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Head Movements Control the Activity of Primary Visual Cortex in a Luminance-Dependent Manner


The vestibular system broadcasts head-movement-related signals to sensory areas throughout the brain, including visual cortex. These signals are crucial for the brain’s ability to assess whether motion of the visual scene results from the animal’s head movements. However, how head movements affect visual cortical circuits remains poorly understood. Here, we discover that ambient luminance profoundly transforms how mouse primary visual cortex (V1) processes head movements. While in darkness, head movements result in overall suppression of neuronal activity; in ambient light, the same head movements trigger excitation across all cortical layers. This light-dependent switch in how V1 processes head movements is controlled by somatostatin-expressing (SOM) inhibitory neurons, which are excited by head movements in dark, but not in light. This study thus reveals a light-dependent switch in the response of V1 to head movements and identifies a circuit in which SOM cells are key integrators of vestibular and luminance signals.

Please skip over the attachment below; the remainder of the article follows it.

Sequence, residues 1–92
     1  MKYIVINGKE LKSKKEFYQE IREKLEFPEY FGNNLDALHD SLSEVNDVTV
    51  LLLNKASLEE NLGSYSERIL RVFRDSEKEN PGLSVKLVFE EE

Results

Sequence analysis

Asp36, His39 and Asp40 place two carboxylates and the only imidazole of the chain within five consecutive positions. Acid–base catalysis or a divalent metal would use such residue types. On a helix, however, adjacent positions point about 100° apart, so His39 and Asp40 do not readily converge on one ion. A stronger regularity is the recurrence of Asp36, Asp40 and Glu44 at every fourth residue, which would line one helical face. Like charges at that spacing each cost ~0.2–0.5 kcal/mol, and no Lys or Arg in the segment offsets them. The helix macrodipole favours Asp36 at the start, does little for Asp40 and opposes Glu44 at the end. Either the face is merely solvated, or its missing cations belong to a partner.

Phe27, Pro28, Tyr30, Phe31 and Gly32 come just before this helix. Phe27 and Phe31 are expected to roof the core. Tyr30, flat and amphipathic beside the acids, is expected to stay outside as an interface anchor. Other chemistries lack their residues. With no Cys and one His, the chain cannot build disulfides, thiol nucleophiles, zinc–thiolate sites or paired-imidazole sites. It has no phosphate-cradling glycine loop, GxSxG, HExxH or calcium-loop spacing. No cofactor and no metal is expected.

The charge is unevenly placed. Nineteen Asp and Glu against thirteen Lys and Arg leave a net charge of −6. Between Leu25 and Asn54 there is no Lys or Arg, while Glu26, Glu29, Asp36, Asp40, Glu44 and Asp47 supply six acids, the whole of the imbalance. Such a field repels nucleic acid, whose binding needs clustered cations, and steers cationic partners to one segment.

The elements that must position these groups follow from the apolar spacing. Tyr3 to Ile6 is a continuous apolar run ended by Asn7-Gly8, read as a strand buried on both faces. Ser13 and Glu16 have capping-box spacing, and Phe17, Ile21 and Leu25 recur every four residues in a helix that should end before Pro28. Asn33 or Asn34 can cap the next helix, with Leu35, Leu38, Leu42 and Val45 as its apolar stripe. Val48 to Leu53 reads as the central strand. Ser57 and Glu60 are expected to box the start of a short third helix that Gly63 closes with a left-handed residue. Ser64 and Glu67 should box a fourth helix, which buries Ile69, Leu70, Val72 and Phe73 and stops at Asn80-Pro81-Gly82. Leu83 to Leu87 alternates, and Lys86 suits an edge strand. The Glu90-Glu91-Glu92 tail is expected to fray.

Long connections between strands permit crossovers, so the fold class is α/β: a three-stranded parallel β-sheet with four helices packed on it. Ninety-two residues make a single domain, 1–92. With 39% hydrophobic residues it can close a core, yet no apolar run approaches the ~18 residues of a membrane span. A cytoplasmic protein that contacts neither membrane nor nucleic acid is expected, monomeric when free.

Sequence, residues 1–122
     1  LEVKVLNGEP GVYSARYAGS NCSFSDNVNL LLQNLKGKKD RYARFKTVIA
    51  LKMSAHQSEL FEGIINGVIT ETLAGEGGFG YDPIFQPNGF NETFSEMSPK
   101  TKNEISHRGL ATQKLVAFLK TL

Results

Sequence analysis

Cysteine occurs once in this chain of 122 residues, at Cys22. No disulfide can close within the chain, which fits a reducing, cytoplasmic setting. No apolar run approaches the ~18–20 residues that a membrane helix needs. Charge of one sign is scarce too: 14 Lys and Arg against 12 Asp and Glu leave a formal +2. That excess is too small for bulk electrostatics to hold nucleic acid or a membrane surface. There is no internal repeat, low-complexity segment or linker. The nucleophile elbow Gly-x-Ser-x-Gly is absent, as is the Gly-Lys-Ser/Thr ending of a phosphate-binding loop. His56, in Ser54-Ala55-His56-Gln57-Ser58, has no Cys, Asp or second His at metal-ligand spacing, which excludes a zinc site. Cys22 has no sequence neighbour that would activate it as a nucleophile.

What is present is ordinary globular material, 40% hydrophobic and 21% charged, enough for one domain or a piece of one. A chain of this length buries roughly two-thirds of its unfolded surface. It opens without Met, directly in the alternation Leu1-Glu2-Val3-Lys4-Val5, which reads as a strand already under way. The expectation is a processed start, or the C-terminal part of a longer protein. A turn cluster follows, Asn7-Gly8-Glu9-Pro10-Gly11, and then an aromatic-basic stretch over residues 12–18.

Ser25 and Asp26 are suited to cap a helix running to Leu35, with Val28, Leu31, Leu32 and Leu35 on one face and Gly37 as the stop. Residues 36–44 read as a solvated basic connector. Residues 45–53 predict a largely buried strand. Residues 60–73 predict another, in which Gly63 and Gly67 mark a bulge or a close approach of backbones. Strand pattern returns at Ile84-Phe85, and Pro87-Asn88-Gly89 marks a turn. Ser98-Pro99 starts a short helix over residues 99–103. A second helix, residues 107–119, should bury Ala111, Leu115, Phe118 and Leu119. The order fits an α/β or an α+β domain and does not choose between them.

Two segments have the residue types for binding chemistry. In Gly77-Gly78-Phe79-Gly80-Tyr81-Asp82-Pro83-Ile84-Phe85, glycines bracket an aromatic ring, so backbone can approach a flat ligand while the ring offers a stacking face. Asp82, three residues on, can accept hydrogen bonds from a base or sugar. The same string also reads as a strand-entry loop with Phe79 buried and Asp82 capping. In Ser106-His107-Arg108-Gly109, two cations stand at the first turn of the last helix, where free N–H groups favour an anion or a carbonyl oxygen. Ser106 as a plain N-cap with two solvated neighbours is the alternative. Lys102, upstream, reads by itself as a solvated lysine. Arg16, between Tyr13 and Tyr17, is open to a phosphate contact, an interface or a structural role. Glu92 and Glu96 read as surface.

Guy Bouvier, Yuta Senzai, Massimo Scanziani

Published: 2020

PMID: 32783882



Research Area:

Cognitive and Behavioral Neuroscience, Visual System